Wednesday, November 13, 2013

Multicultural midwives in Britain too

As is usual with African defendants, the defendants admit nothing

Two midwives responsible for a sick woman's four-day-old baby lay the child on its stomach and left it in a stationery cupboard, a tribunal has heard.

Yvonne Musonda-Malata and Christine Onade are accused of failing to provide appropriate clinical care to a baby while working on a night shift at Queen’s Hospital, Romford, north east London.

Ms Malata, 35, who has worked as a nurse since 2004, was responsible for looking after the baby while its mother caught up on sleep, the Nursing and Midwifery Council (NMC) was told. It is alleged that she tended to the baby, known as Baby A, in a cot by the midwives station before moving it into a large stationery cupboard after it became unsettled.

She and Ms Onade, 46, are also accused of failing to record any feeds given to Baby A. Both midwives deny all allegations.

The alleged incident, which occurred on 18 April, 2011, was reported by Alex Curtis, a nursery nurse at the hospital who found the baby alone in the cupboard at about 6:30am.

She told the tribunal: 'I went to the post-natal ward to get an envelope from the stationery cupboard and found a baby lying on its tummy on its own.  'The baby was in the cot just behind the door. I cannot remember whether the light was off or on, but I saw baby on its front and went to check if it was breathing.

'This was an unusual occurrence. We always lie a baby on its back as there is a risk of cot death.

'If, as a nursery nurse, I took responsibility for a parent’s baby, I would never leave it alone. If I needed to go off and do something, I would ask another nurse to look after the baby.'

Derek Zeitlin, the case presenter at the NMC, said: 'The baby’s mother has a health condition and it is vitally important for her to get a good night’s sleep.  'Her husband therefore invited the midwives to take the baby away so that his wife could get a good night’s sleep.  'That decision was not taken lightly. The nurse looking after Baby A’s mother was involved in that decision. It was the right thing to do.'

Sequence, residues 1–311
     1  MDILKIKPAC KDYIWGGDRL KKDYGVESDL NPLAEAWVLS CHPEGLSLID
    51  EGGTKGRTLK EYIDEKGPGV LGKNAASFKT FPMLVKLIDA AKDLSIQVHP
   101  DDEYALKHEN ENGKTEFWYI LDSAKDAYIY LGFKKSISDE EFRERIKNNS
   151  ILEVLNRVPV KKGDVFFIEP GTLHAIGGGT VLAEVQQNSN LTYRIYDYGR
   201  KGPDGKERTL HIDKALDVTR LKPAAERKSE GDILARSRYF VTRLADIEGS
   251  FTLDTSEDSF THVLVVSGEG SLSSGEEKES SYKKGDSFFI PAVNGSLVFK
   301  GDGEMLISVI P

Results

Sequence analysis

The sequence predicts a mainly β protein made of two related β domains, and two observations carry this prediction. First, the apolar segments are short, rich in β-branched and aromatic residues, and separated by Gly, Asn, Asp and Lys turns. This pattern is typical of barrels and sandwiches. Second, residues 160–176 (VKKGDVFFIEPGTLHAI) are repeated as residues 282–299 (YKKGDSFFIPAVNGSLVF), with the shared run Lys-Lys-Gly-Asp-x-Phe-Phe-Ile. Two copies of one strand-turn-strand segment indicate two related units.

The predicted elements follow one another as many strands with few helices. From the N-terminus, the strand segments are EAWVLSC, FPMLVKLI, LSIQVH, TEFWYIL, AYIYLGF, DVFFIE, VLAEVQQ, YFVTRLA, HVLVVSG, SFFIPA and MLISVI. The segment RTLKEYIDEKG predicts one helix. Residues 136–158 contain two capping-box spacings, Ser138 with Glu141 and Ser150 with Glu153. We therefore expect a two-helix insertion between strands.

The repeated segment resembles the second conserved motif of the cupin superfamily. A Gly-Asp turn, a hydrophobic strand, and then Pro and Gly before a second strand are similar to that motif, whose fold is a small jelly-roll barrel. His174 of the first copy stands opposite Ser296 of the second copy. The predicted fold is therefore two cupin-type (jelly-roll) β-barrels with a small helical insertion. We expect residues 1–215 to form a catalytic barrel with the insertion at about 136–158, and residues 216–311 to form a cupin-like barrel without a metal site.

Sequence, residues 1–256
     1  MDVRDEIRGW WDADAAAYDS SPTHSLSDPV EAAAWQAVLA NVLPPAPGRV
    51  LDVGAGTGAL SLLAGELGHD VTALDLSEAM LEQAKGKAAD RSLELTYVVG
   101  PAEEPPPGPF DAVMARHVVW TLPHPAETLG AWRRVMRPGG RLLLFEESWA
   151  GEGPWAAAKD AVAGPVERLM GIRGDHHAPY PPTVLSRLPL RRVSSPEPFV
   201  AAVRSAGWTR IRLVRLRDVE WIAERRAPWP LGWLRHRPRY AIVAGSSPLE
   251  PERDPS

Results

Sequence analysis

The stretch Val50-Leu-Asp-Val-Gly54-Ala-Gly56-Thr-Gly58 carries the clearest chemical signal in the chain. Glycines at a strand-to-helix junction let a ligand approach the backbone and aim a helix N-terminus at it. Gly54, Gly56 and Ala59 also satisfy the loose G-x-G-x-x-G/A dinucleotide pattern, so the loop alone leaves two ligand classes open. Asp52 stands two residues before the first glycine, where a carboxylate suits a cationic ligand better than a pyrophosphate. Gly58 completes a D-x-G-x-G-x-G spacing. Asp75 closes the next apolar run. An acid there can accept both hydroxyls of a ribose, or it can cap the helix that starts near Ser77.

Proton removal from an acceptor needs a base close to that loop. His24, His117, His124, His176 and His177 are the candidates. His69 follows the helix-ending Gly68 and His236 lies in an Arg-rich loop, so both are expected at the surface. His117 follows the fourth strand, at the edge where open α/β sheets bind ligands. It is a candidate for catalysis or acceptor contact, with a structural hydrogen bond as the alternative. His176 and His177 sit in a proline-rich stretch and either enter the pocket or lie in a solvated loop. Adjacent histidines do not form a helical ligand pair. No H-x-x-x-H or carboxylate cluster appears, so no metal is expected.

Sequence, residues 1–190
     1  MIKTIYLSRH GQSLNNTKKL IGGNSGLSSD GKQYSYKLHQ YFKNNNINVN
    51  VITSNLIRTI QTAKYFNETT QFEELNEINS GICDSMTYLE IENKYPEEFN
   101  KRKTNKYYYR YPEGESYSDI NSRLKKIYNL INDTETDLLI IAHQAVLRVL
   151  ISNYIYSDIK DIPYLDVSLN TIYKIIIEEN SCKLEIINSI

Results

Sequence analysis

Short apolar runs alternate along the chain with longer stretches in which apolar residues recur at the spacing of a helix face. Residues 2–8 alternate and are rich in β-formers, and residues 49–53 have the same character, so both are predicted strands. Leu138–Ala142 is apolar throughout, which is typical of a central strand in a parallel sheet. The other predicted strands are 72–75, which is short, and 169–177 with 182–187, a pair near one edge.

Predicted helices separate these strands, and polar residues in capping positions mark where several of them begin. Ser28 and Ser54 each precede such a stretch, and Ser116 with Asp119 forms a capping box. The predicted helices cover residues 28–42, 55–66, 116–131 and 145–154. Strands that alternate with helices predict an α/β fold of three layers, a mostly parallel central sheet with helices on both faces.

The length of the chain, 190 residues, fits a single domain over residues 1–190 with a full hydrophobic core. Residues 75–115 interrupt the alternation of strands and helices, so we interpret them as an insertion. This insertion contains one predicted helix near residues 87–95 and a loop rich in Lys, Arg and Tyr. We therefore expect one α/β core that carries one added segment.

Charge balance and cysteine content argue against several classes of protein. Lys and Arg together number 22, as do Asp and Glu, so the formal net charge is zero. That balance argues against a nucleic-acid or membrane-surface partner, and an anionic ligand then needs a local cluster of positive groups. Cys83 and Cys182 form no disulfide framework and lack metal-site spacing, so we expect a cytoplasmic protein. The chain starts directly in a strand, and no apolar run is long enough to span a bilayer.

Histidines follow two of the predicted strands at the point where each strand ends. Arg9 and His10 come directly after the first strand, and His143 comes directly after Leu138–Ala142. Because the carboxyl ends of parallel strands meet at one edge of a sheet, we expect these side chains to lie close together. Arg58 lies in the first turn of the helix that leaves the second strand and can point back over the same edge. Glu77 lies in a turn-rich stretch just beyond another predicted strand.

Mr Zeitlin explained that the baby became unsettled at 'various points' throughout the night, adding that there was 'no specific place to put a baby' while it was looked after in the post-natal ward.

He said that Ms Malata and Ms Onade had both confirmed that Ms Malata had placed Baby A in a cot in the doorway of the cupboard, but claim that the door was kept open.

Mr Zeitlin said: 'There came a stage where Ms Malata was called away to another patient and was away for about 20 minutes.

'The next thing that happened was a member of the nursing staff went to the cupboard and was shocked to find Baby A inside.

'The door was closed. The baby was found on its stomach, but babies are always placed on their back to avoid cot death.'
He added: 'There were no feeding charts for Baby A. The reality of that was that entries that were made about feeds didn’t coincide with what the registrants record about the feeds.

A further investigation was carried out which led to both nurses being suspended.

Claire O'Toole, associate human resources director at Queen's Hospital, said: 'I was asked to investigate a complaint on April 20 in 2011, raised by Alex Curtis.

'Miss Musonda-Malata was the named midwife and was unable to provide satisfactory care explanation for the duration of the shift.

'There was a lack of clarity for who was caring for Baby A.  'Miss Onade did have a significant level of involvement in the care of Baby A, she couldn't clearly outline the care when she had actually taken part in it.

'Miss Musonda-Malata engaged with the process well and was consistent but Miss Onoade was unresponsive and unwilling to engage.

'Miss Onade was reluctant to accept responsibility for Baby A.
'The incident brought the hospital into disrepute due to the publicity in The Sun.


The fight for freedom of speech in Britain